Jesus used several teaching methods in his ministry, including lecture, group discussion, demonstration, question and answer, and storytelling. The method which he chose in a given situation depended upon the setting, the nature of the lesson, and the emotional and physical condition of his students.
5. When lecturing, allow for student involvement through questions and interaction. Giving our students the opportunity to ask questions and respond to the lecture material helps keep them interested. I was surprised to discover in my research that the teaching method which most Bible college students in Kenya preferred is “lecture and discussion.” They disliked pure lecture, but neither did they prefer pure discussion. It appears that college professors need to seek an appropriate blend of the two methods.
6. Look for ways to use visuals in teaching. Students appreciate and need some type of visual input during class. They appreciate it when teachers take the time to write outlines, key words, names, illustrations and paradigms on the white board, chalk board or overhead transparencies. If technical support is available, things like PowerPoint presentations are very helpful.
How We Relate to Students
1. Encourage students through either oral statements or written comments on their papers. I can still clearly remember how a college professor influenced me thirty years ago when he wrote in the margin of my term paper. His brief, but helpful comment was a major turning point for me as a college student who was struggling with self-doubt. We should never underestimate the power of an encouraging word to a student on the way to class or a written comment on a student’s paper.
2. Vary leadership style according to the needs of students. We can be students of our students and discern what kind of leadership they need. At times we can exhort them to work harder and do better. Other times we can be more affirming and supportive when we sense they have tried but done poorly.
3. Practice servant leadership in the classroom. As teachers we need to see ourselves as guides and facilitators in the educational process. We are not simply “answer machines” or “walking encyclopedias.” Christ exhorted his disciples to “wash one another’s feet” and be servant leaders (John 13). Serving as facilitators for our students is one way to wash their feet. Our goal should be to help our students succeed and to reach their full potential in Christ.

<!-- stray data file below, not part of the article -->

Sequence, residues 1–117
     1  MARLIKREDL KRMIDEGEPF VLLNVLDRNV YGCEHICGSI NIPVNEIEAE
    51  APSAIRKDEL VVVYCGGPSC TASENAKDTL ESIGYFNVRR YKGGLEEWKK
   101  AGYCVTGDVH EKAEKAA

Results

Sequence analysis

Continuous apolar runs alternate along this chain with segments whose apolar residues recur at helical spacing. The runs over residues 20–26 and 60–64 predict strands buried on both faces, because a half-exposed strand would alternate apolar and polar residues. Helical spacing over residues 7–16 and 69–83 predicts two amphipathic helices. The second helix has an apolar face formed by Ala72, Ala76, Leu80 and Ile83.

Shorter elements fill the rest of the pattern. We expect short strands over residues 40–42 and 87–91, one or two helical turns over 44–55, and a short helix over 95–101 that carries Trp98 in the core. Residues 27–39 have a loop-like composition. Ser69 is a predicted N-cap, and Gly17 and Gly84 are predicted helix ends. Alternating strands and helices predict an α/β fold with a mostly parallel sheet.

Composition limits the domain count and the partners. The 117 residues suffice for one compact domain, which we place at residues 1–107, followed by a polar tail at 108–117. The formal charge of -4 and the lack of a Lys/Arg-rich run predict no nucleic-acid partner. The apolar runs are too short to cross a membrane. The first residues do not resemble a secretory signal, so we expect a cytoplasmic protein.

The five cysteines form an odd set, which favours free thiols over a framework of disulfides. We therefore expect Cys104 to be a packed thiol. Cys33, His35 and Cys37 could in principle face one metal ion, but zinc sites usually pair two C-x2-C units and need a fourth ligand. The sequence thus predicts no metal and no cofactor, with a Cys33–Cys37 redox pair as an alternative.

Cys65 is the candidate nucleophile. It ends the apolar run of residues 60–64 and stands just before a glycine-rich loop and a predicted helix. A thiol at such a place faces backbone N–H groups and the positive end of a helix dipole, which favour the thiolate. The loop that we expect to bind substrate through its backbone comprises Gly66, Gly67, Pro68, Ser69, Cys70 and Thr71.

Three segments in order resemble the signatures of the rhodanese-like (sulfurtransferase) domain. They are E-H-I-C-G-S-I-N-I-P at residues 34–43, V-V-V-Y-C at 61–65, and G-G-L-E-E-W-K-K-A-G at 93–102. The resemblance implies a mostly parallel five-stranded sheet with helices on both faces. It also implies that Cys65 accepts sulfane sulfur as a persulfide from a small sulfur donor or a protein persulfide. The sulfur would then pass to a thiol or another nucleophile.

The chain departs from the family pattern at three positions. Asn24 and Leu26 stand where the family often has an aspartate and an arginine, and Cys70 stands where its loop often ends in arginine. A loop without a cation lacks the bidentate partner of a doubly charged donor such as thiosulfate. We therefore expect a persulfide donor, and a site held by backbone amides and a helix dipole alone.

4. Exemplify what we are endeavoring to teach. If our lives outside the classroom are consistent with our teaching inside the classroom, then our students are more likely to be motivated. Are we teaching by example? Paul told Timothy to make sure to set an example for the believers in speech, life, love, faith and purity (1 Tim. 4:12).
In his book, Multiplying Disciples: the New Testament Pattern for Church Growth, Waylon Moore cites this challenging poem for teachers:
- “I’d rather see a sermon [lesson] than hear one any day.
I’d rather one would walk with me than merely show the way.
The eye’s a better pupil and much more willing than the ear.
Fine counsel is confusing, but examples always clear.
The best of all the teachers are those who live their creeds.
For to see the good put into action is what everybody needs.
I’ll soon learn how to do it if you’ll let me see it done.
I can watch your hand in action, but your tongue too fast may run.
And the lectures you deliver may be very wise and true,
But I’d rather get my lesson by observing what you do.
For I may misunderstand you in the high advice you give,
But there’s no misunderstanding how you act and how you live” (1981, 97-98).
5. Proactively develop healthy relationships with students. The majority of the students I interviewed indicated that the most important characteristic of an effective Bible college teacher is a love for students. I think it is significant that Jesus was compassionate toward those he taught. The gospel writer Mark gives the following description: “When Jesus landed and saw a large crowd, he had compassion on them, because they were like sheep without a shepherd. So he began teaching them many things” (Mark 6:34). The text suggests that Jesus’ primary motivation for teaching was his love and compassion for his students.
How do we teachers show love for our students? One significant way is to spend time with them outside the classroom. Sharing a cup of coffee in the student center, participating in sports activities, joining in ministry opportunities together, and visiting informally with students on campus can help build healthy relationships.
There is no doubt that we teachers can influence our students’ lives. If we apply these principles to how we design courses, teach in classrooms and interact with students, we can significantly improve our ability to motivate students. With God’s enabling, we can be teachers who will make an eternal difference in our students.
Hendricks, Howard G. 1987. Teaching to Change Lives. Portland, Maine: Mult-nomah Press.
Moore, Waylon B. 1981. Multiplying Disciples; the New Testament Pattern for Church Growth. Colorado Springs, Colo.: Navpress.
Olander, Mark. A. 1992. A Study of the Relationship between Teacher Leadership and Student Motivation in Bible Colleges in Kenya. Ph.D. Dissertation, Trinity International University.
Mark Olander is a missionary with Africa Inland Mission and is the academic dean of Moffat College of Bible in Kijabe. He and his family have served in Kenya for seventeen years.
EMQ, Vol. 40, No. 2, pp. 230-233. Copyright © 2004 Evangelism and Missions Information Service (EMIS). All rights reserved. Not to be reproduced or copied in any form without written permission from EMIS.